State Change
: I really enjoyed this one! It imagines a world where your soul is manifested in a physical object, and your life is tied to this object, so if it’s damaged or if you’re too far away from it, you’ll die. It definitely made me think about what we think we know about life and how people live their lives differently and take more risks. Even though it’s a short story, Liu manages to create a world that I would love to read more about!

Perfect Match
: This futuristic story imagines a world where sharing has been taken to the next level. What’s so unnerving about it is that it’s extremely possible… and that I actually thought “Hey, that sounds pretty neat…”. I listened to it on my morning commute to work and I could not stop thinking about it the whole day! I even completely blanked on the previous two stories because I just felt so wowed by it. It’s one of those that literally make you sit back and go “huh”.

Good Hunting
: A mix between magical fantasy and steampunk. The lives of a Demon hunter and a hulijing intertwine, and as the magic is sucked out of their world they need to learn to survive without it. Lot’s of metal and fantastic ideas in this one. It kind of makes you nostalgic though, which I think is the point. Magic being replaced by technology… rings a bell?

The Literomancer
: Well that was a bummer… I mean the story was great and coming from South Africa where racism is still an issue, it hit close to home. I felt so sorry for Lucy as an outsider both with the natives as well as with the other American girls because she didn’t look down on the Chinese like they did. I was hoping for a happy ending to the story when she met Teddy and his grandpa, but damn, of course that wasn’t going to happen. War is so stupid… politics is so stupid! All it results in is death and heartbreak! Great story though…

: This wasn’t a great story imo… I didn’t get why Anna was so angry at everything her dad did. She obviously didn’t have her own kids, but even so it’s like she expected him to be perfect. It’s also such a stupid thing to hold a lifelong grudge for!

The Regular
: Sci-Fi Noir = Awesome! This was a really good crime fiction with a dash of the bionic woman! The plot was riveting and believable and the characters were extremely well developed for a short story… although I think this might count more as a novella?

The Paper Menagerie
: Holy crap this made me cry! I was listening to the audio while driving to work and had to pull over. I completely understand every single perspective of each character, and as a mother myself my biggest fear is that my son will abandon me one day. Seriously, this story hit me in the heart!

Side note: I WISH I had a paper menagerie when I was little! Screw barbies (and your stupid Star Wars Figure)!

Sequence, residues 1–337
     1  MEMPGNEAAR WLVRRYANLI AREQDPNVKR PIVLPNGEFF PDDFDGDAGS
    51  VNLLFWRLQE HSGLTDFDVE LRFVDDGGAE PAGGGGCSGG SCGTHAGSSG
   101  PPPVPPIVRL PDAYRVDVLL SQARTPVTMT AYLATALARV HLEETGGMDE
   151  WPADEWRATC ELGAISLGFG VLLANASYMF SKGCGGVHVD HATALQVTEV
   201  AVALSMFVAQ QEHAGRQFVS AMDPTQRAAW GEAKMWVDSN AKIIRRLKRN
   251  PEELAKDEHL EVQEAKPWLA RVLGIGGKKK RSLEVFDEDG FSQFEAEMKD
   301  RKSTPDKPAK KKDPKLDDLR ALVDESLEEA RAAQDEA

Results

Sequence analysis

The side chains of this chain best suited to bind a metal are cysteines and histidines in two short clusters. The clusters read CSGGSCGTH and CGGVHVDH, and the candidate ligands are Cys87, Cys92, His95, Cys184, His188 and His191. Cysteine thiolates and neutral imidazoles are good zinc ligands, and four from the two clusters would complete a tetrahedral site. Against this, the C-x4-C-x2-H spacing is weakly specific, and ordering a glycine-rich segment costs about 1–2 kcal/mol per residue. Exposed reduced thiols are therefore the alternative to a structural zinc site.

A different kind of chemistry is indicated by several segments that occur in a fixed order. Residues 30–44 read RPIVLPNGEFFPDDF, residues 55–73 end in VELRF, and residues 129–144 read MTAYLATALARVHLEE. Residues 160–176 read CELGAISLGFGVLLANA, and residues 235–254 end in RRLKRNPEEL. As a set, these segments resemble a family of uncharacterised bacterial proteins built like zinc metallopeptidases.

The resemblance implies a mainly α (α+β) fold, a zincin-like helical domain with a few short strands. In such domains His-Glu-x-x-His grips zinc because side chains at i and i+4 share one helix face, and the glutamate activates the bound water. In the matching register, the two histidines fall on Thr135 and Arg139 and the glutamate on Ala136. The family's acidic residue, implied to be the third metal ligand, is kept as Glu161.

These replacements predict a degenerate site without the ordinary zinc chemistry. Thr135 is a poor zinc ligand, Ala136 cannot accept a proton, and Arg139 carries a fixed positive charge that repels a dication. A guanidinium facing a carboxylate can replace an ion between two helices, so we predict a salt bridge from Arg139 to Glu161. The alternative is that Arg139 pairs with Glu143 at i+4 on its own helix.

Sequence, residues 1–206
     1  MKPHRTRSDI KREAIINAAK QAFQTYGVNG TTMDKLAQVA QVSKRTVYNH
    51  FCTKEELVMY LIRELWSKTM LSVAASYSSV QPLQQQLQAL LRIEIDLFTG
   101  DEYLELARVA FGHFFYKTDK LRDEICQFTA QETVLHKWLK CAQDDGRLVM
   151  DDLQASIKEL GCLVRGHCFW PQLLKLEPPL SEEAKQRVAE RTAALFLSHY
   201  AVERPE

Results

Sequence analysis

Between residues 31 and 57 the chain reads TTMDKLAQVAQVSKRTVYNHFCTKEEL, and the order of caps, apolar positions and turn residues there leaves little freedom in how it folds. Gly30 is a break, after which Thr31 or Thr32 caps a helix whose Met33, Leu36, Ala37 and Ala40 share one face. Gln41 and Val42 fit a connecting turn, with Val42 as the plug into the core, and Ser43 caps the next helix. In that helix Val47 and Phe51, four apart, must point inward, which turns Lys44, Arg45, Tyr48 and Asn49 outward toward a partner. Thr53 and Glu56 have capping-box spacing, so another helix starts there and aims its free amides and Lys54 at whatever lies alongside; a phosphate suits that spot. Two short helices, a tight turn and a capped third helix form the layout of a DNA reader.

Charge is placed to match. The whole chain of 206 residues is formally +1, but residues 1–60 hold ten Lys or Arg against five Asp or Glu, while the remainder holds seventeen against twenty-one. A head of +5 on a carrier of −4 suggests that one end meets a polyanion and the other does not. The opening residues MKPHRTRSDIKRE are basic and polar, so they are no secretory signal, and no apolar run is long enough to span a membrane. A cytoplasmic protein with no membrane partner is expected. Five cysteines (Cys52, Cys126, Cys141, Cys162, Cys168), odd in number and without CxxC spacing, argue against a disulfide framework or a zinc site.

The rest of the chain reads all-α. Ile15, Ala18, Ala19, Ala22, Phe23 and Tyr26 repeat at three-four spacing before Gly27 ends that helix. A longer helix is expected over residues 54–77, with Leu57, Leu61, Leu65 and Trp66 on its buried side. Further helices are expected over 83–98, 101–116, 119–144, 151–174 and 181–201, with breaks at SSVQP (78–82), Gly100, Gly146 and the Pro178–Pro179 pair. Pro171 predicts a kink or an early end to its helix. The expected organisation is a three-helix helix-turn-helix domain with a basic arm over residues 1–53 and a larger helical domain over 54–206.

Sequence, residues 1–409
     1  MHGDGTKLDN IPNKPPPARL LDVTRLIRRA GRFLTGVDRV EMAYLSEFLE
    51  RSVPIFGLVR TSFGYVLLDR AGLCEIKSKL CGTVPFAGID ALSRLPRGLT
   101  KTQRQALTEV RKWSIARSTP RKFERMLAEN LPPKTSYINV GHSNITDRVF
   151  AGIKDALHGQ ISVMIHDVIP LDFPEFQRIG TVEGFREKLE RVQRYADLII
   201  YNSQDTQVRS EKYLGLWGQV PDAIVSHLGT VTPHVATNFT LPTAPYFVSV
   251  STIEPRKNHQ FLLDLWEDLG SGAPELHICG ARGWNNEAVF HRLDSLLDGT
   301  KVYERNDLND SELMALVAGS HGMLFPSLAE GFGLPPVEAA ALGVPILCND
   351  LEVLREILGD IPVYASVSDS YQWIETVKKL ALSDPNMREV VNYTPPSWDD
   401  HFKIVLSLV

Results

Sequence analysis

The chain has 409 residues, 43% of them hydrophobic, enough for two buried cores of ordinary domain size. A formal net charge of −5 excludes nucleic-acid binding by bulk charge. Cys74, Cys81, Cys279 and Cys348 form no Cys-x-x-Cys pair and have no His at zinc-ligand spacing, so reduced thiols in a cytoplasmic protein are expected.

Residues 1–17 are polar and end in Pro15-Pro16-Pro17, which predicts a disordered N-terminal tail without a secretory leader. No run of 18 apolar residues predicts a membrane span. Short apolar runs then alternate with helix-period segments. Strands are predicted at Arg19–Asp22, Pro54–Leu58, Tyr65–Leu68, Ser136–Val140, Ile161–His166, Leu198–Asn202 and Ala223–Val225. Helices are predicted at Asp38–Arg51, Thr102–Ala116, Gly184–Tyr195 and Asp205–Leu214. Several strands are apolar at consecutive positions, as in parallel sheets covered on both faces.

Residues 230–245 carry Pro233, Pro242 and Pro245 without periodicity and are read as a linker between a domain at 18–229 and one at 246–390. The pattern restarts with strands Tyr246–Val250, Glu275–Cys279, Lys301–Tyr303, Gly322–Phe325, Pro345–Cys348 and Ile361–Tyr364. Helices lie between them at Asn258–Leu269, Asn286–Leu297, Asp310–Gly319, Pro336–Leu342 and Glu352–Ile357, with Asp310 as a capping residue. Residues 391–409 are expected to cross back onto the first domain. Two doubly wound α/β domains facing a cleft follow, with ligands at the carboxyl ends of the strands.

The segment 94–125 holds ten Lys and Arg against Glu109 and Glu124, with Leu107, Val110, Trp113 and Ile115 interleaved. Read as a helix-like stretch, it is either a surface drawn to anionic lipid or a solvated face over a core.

An Advance Readers’ Picture Book of Comparative Cognition
: Didn’t feel this one… was meh.

The Waves
: Initially I loved the idea here, but then it kinda just went too far? It kind of reminded me of Interstellar, which I also loved up until 3/4 of the way through, and then it went past the stopping point and got too big/went too far. I mean I get what the author was trying to relay, but I think this would have been much better as a novel… even a series!

Mono No Aware
: Ok another favorite! Made me cry while listening in traffic! This had a similar idea to “The Waves”, but I think this was much better in scope and follow through! At this point I’m pretty sure I’m not just in love with the stories, but also with the author…

All the Flavors
: I enjoyed this story, but I couldn’t quite keep up with the different names, and listening to the audio where I couldn’t go back and refresh my memory meant I got confused a lot… also because it jumped between stories without warning… This would probably have been much better read on paper.
I really liked Logan and Lily, and I thought that her mother was just ignorant and hateful… which is true of most people back then I guess… even still now if you think about what’s currently happening in politics (building a wall??? Really???). I think this was the only non sci-fi story, and it was also the longest. But definitely interesting and worth reading.

A Brief History of the Trans-Pacific Tunnel
: I’ll be honest… I fell asleep about 3/4 of the way through this one. It had a really interesting premise, but I guess it’s just not one of my favorite.

The Litigation Master and the Monkey King
: Another huge bummer. I get that history is full of violence and small people on power trips, but damn…

The Man Who Ended History: A Documentary
: I had no idea that there was even such a thing as Chinese concentration camps. I didn’t even know that the Japanese hated the Chinese that much. This story was a huge learning experience for me. I loved the premise of time travel, and the element of human error and sentimentality brought into it. I hated the politics of why things like this are kept quiet and even denied that it ever happened…